Georgia Institute of Technology receives Grand Challenges Explorations grant from Bill & Melinda Gates Foundation

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ATLANTA – Georgia Tech announced today that it is a Grand Challenges Explorations winner, an initiative funded by the Bill & Melinda Gates Foundation. J. Carson Meredith, professor in the School of Chemical & Biomolecular Engineering (ChBE) will pursue an innovative global health and development research project, titled “Pollen-Based Assays of Intestinal Mucus Water Content and Rheology.”

Grand Challenges Explorations (GCE) funds individuals worldwide to explore ideas that can break the mold in how we solve persistent global health and development challenges. Dr. Meredith’s project is one of more than 60 Grand Challenges Explorations grants announced today by the Bill & Melinda Gates Foundation. 

To receive funding, Dr. Meredith and other Grand Challenges Explorations winners demonstrated in a two-page online application a bold idea in one of five critical global heath and development topic areas. The foundation is accepting applications for the current GCE round until November 12, 2014 11:30 AM PDT.

Dr. Meredith’s work will focus on developing a rapid and low-cost diagnostic for childhood enteric disease, such as diarrhea. These diseases are a worldwide problem and leading cause of childhood mortality. Treating these diseases is difficult because predicting how the intestinal mucus layer of children will behave under stress is a challenge for researchers because intestinal tracts of children are quite different from adults. That mucus layer is critical to absorbing nutrients. If it’s damaged by disease, it won’t function as well, and can lead to endemic gastrointestinal disease. Meredith has proposed a novel, low-cost method to test the health of the mucus lining in children, by using both natural and synthetic pollen particles.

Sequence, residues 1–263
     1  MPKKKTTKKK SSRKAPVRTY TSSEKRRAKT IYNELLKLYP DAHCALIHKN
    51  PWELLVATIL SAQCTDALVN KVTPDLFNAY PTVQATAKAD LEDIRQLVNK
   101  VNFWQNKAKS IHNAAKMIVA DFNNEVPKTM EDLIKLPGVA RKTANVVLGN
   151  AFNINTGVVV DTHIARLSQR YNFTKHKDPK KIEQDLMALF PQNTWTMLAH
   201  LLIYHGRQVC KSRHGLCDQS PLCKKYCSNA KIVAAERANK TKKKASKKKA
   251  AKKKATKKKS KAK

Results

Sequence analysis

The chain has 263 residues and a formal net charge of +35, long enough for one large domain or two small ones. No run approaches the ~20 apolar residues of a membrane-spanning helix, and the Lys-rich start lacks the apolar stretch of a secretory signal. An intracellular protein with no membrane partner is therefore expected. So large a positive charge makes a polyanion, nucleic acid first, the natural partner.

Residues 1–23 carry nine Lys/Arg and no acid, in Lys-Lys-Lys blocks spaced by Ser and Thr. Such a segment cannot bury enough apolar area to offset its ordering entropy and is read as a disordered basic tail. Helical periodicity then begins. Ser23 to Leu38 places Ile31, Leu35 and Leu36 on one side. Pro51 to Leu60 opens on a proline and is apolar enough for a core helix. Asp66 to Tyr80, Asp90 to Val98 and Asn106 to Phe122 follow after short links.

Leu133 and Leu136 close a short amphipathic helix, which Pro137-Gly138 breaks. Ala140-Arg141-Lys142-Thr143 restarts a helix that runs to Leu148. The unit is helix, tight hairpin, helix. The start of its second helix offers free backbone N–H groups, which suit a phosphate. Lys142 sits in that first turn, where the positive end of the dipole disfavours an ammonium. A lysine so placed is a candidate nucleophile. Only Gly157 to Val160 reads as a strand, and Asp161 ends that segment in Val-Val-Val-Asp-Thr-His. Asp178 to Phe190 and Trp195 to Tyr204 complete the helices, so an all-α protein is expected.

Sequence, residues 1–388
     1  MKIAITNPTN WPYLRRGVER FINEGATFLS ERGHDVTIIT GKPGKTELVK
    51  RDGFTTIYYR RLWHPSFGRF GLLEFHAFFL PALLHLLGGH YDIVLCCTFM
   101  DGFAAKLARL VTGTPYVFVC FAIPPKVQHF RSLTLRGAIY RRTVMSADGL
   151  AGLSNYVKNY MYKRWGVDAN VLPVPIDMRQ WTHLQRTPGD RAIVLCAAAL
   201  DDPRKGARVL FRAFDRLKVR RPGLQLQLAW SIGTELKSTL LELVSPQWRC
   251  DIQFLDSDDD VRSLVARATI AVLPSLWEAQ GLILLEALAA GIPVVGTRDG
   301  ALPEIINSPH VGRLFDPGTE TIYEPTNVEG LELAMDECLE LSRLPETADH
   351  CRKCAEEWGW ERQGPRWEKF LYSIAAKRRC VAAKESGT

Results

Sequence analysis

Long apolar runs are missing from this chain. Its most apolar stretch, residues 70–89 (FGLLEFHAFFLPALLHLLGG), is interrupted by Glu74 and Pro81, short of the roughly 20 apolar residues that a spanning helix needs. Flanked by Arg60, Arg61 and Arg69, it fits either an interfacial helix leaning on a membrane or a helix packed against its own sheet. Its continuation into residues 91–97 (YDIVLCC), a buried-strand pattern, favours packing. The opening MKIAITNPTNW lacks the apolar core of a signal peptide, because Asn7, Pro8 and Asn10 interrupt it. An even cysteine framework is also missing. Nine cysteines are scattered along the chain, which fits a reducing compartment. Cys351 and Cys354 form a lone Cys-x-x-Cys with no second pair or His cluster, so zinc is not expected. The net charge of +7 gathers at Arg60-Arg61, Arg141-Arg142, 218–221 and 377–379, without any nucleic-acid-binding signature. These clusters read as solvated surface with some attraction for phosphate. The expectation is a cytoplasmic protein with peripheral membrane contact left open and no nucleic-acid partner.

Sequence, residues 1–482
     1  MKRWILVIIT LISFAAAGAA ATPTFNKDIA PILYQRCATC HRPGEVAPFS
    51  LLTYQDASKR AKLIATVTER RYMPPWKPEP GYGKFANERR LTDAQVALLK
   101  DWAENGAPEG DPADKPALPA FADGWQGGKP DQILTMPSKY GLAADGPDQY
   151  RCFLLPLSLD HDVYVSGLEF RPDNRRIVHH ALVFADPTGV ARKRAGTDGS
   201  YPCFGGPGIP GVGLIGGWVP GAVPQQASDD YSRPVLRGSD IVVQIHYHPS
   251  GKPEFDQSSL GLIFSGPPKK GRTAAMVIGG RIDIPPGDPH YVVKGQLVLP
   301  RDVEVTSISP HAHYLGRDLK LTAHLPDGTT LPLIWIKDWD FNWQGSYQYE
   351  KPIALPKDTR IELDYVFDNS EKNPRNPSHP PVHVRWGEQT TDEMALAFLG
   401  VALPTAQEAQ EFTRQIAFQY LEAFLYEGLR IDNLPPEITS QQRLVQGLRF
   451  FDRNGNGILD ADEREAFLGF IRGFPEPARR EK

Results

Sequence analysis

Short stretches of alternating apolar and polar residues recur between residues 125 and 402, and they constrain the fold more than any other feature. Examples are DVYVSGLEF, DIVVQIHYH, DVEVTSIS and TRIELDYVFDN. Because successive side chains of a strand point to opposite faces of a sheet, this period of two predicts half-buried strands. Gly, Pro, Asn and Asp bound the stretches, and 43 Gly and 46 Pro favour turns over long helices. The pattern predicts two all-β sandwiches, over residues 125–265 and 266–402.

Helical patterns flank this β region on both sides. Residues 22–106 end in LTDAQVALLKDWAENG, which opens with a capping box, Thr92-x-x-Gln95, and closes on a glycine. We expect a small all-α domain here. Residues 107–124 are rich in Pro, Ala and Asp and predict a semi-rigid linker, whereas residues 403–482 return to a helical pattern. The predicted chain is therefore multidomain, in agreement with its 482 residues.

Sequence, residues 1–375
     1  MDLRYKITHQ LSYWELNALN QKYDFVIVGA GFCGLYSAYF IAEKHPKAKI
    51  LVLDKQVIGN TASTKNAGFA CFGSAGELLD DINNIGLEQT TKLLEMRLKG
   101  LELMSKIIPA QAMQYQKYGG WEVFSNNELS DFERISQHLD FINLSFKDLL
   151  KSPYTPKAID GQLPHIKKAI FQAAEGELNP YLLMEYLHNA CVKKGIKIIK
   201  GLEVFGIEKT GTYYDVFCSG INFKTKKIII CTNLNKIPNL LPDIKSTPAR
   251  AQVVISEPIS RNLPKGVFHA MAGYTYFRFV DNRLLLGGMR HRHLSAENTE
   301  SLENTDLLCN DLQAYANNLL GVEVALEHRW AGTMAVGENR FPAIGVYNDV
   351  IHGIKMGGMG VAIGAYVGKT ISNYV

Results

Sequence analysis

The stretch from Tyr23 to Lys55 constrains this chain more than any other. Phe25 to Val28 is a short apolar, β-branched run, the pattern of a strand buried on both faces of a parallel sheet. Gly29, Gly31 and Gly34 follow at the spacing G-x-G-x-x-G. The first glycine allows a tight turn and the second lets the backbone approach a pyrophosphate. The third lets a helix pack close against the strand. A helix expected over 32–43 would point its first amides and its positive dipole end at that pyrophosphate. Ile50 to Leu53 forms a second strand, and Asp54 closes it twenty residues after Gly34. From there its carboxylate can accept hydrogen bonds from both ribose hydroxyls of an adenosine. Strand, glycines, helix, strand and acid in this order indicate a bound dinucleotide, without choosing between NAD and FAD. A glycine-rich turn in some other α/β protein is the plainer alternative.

“Nature provides great sources of complex microparticles that can be adapted for engineering applications,” Meredith said. “Pollen grains are covered with unique nanoscale spines that I believe will make them excellent, but inexpensive sensors of mucus function.”

Pollen is sticky, edible, can survive in harsh environments, and has a wide variety of spiny appendages, sizes and shapes. The first step of Meredith’s work will be to characterize how fast different synthetic pollen shells travel through viscous liquids that simulate what’s inside the inside of the gut. This part of the work will involve collaboration with Dr. Victor Breedveld, also a ChBE faculty member.  

About Grand Challenges Explorations

Grand Challenges Explorations is a US$100 million initiative funded by the Bill & Melinda Gates Foundation. Launched in 2008, over 1070 projects in more than 60 countries have received Grand Challenges Explorations grants. The grant program is open to anyone from any discipline and from any organization. The initiative uses an agile, accelerated grant-making process with short two-page online applications and no preliminary data required. Initial grants of US$100,000 are awarded two times a year. Successful projects have the opportunity to receive a follow-on grant of up to US$1 million.

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